The other product that comes to mind is Emgality, which is manufactured by Eli Lilly. That's indicated for cluster headaches, which is a rare and very serious headache condition. The product had originally been approved in September 2018 for migraines and was approved over the summer for cluster headaches based on a different set of clinical studies. This example, I think, is particularly interesting because it demonstrates that breakthrough therapy status can be used for a new indication of a drug that's already been approved and also that breakthrough therapy designation requires some pretty rigorous clinical evidence as opposed to fast track designation.

Greg Levine: Kellie, what are some practical considerations to keep in mind with these expedited review programs?

Kellie Combs: Certainly a lot of important considerations to keep in mind here. As I mentioned at the outset, a product may qualify for more than one expedited review program. In addition, a product could also be eligible for orphan designation, which is associated with other significant benefits, including seven years of market exclusivity. So it's important to think not just about the expedited review programs, but also what other incentives might be available. It's also important, as I've been mentioning, to communicate early and often with FDA, both to understand whether certain designations may be available and so you get frequent and intensive guidance from the FDA as you're designing your clinical development program. It's also important to pursue a rapid manufacturing development program and make sure you have the capacity to scale up manufacturing. So as I was saying a little bit ago, we have seen a pretty significant timing advantage with the products that are approved through the various expedited programs, so you need to build that into your assumptions when you're planning for scale up. You also need to anticipate FDA's need to inspect clinical studies and consider the implications for coverage and reimbursement.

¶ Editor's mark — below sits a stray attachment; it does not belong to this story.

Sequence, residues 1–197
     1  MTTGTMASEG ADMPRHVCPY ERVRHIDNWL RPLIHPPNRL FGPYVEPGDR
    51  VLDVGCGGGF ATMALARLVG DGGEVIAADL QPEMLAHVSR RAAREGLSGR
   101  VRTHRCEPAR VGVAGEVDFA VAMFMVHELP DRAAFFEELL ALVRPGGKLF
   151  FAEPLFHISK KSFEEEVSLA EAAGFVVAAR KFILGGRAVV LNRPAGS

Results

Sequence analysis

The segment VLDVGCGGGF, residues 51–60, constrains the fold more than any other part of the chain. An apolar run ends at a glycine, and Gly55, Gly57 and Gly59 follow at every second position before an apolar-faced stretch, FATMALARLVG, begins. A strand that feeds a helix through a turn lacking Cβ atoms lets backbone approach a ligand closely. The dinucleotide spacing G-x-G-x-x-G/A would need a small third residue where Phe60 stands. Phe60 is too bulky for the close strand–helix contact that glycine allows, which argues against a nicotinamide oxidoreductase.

Greg Levine: Thanks for tuning in to our podcast, Non-binding Guidance, which is brought to you by our attorneys in the life sciences regulatory and compliance practice at Ropes & Gray. For more information about our practice or other topics of interest to life sciences companies, please visit our FDA regulatory and life sciences practice pages at www.ropesgray.com. You can also subscribe to Non-binding Guidance and other RopesTalk podcasts in Ropes & Gray's podcast newsroom or on our website by searching for Ropes & Gray podcasts in Apple Podcasts, Google Podcasts or Spotify. Thanks again for listening.